The four locked steel boxes, each about the size of a coffin, were unusual enough to attract the attention of authorities as they were being shipped through Singapore in 2010. X-rays of the boxes revealed they contained elephant tusks, tightly packed and wrapped in fabric bags. Interpol was notified, and the boxes, still locked and unopened, were shipped to the forensic laboratory Interpol uses for such cases—the U.S. Fish and Wildlife Service Forensics Laboratory in Ashland, Oregon.
When the boxes were opened at the lab, which describes itself as “the only lab in the world dedicated to crimes against wildlife,” investigators found more than a thousand pounds of tusks. They began their standard forensic investigation, including DNA analysis, but the question of where the tusks originated remained. Clearly they were from African elephants, but traditional forensics wasn’t pointing to a specific area in Africa where the poachers and smugglers were at work.
Moving Beyond Traditional Forensics
Aware of these limits, the investigators called in David and Paul Stoney, two long-time forensic researchers who run Stoney Forensic in Chantilly, Virginia. They have long been advocates of an investigatory technique called “very small particle (VSP) analysis,” in which careful examination of dust on an object can help trace it back to its original location. Their approach also allows authorities to compare two or more objects to determine if they have, at some point, been in the same place.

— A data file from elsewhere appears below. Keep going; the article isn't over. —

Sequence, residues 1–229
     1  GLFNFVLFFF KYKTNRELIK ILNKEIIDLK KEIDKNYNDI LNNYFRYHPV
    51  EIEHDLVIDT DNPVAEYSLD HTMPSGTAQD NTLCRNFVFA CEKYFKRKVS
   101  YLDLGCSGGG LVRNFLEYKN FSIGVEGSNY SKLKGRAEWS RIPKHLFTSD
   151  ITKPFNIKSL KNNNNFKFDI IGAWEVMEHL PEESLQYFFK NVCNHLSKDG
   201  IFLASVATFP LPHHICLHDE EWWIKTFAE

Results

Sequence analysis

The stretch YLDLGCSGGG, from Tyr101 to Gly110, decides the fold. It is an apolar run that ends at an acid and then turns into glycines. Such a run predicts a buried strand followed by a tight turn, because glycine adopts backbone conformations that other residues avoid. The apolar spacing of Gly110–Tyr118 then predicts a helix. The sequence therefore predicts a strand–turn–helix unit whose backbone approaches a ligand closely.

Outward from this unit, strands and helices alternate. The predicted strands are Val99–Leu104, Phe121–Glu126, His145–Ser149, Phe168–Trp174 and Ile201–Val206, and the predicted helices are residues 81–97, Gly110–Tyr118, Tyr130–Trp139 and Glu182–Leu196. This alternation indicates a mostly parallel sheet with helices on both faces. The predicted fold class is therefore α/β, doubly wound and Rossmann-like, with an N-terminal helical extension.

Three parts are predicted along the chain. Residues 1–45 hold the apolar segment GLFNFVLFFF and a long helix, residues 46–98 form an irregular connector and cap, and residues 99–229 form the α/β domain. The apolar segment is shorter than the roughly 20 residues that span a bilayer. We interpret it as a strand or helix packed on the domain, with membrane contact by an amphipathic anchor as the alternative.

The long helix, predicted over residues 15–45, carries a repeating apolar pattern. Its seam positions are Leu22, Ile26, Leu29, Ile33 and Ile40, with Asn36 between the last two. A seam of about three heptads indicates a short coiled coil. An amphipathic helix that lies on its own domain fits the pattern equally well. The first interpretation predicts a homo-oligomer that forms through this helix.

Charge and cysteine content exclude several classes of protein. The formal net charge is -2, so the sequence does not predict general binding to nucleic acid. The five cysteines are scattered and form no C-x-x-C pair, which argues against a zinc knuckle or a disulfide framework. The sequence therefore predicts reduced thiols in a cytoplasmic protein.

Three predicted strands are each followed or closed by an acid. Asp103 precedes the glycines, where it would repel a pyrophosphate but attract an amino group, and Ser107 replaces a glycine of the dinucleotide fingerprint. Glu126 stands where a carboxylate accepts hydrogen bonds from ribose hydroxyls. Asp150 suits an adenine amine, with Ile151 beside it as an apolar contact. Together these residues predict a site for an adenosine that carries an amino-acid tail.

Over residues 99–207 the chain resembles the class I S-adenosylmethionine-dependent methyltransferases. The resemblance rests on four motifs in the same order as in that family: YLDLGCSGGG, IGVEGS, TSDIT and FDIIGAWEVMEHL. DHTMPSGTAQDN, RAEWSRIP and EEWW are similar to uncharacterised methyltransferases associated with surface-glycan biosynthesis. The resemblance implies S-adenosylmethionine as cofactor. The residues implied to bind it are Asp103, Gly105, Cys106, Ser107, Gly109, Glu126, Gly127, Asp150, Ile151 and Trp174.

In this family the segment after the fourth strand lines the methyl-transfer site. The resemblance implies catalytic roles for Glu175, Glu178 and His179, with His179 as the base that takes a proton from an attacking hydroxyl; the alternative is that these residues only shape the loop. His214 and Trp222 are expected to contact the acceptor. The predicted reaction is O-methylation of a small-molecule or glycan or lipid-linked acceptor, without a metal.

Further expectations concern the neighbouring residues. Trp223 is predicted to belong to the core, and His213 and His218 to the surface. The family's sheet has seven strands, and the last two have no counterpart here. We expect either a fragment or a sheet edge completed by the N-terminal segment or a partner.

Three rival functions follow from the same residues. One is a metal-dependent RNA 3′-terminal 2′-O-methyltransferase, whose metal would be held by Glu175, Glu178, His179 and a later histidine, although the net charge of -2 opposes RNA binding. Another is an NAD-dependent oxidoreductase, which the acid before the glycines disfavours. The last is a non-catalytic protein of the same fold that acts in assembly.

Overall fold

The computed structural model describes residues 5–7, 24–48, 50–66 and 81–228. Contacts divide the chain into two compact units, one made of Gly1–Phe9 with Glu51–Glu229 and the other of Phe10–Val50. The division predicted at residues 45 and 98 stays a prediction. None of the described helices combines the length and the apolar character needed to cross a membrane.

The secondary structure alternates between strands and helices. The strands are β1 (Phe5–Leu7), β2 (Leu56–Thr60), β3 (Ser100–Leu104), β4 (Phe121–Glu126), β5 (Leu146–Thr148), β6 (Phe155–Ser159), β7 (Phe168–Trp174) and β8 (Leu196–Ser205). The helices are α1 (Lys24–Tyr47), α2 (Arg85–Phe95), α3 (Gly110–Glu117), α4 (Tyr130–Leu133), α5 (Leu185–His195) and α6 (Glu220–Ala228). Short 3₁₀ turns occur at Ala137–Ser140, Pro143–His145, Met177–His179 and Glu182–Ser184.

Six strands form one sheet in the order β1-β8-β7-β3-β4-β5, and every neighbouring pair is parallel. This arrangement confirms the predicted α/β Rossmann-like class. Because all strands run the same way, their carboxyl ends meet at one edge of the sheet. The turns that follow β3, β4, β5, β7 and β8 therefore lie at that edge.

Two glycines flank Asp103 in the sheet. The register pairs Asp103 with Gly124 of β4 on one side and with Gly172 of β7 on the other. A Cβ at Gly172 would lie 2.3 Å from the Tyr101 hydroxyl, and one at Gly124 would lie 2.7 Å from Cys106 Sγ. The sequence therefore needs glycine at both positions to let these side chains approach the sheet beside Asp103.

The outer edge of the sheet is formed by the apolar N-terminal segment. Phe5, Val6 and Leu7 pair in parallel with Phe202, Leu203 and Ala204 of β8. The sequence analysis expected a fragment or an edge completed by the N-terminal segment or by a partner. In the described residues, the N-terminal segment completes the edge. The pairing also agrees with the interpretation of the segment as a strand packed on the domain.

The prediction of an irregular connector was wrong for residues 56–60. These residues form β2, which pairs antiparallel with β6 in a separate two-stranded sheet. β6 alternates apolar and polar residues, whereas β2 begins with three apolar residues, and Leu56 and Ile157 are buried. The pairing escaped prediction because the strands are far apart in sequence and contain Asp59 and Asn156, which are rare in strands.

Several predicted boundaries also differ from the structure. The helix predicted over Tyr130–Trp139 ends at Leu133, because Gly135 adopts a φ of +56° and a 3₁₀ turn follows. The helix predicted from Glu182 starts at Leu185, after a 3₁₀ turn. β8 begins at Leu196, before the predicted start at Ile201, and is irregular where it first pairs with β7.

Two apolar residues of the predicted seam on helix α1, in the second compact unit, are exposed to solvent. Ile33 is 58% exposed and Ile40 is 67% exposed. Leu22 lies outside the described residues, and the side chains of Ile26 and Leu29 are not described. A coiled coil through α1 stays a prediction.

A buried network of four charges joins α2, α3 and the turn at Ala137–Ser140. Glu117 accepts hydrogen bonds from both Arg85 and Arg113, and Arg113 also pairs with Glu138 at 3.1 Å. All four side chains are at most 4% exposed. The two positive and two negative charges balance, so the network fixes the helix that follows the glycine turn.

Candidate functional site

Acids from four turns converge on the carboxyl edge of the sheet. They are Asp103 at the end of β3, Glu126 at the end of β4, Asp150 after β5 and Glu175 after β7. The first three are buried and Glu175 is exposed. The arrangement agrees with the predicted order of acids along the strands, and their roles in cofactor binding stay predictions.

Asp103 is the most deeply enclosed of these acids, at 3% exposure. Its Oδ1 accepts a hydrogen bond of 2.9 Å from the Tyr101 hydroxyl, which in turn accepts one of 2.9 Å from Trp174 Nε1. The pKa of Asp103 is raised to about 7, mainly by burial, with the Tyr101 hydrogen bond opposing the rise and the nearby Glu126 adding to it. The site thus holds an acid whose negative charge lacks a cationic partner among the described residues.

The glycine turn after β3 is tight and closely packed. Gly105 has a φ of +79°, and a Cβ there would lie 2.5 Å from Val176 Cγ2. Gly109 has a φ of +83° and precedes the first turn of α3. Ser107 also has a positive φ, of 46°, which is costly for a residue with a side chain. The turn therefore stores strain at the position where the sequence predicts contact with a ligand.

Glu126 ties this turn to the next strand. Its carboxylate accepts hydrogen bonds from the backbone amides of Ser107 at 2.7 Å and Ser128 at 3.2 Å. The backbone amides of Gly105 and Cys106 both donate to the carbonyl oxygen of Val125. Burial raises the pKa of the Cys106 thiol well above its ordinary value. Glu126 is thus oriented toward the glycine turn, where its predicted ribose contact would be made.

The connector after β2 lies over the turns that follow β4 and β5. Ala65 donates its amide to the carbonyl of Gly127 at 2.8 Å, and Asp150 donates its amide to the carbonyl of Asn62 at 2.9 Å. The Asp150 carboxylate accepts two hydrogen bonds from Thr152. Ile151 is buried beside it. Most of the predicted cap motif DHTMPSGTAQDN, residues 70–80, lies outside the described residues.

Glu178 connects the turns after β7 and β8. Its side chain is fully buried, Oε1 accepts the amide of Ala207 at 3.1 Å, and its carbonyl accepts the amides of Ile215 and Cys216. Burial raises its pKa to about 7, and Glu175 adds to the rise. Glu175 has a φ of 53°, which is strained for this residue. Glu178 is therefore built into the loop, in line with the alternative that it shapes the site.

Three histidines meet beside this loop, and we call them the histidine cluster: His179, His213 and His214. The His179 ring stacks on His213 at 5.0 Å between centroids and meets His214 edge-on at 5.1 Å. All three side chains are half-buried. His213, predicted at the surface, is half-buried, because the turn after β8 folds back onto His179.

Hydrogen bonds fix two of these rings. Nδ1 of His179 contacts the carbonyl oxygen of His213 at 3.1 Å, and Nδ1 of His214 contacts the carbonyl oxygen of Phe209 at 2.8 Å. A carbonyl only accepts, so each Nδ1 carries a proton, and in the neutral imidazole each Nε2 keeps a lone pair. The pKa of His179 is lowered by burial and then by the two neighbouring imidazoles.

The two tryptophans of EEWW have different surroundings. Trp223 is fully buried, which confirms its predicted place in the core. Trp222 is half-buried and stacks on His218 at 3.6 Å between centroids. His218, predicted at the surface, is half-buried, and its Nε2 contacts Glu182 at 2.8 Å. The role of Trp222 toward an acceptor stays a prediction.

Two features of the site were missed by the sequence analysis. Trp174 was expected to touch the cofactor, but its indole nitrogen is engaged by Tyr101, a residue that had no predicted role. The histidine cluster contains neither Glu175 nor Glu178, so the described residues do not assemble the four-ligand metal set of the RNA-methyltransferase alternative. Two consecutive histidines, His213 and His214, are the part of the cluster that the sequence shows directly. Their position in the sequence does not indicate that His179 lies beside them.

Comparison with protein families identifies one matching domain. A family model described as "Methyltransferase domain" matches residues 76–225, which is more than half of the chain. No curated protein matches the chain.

The brothers have a successful history of using such analysis to assist investigators working for U.S. government agencies, local police departments and, as in the elephant tusk case, international authorities.
“We got out to the fish and wildlife lab and helped them unpack [some of the tusks],” Paul Stoney said. “We took dust samples and then we got out of the way and let them continue their work. Our processes don’t interfere with anything else that could go on forensically.” The Stoneys took particle samples from the fabric bags and from the bottom of the shipping containers.
Their first level of analysis looked at the largest of the particles, mostly plant tissue, insect parts, tusk fragments and pieces of cardboard. Then the fine particles were analyzed, including DNA sequencing of botanical particles. By classifying the particles by type, including geological, ecological and “human activity signals,” the Stoneys were able to first eliminate 91 percent of the area of Africa, or 36 countries, as a source of the tusk shipment. Of the remaining 12 countries, their analysis eliminated 72 percent of the area, allowing Interpol investigators to focus on specific portions.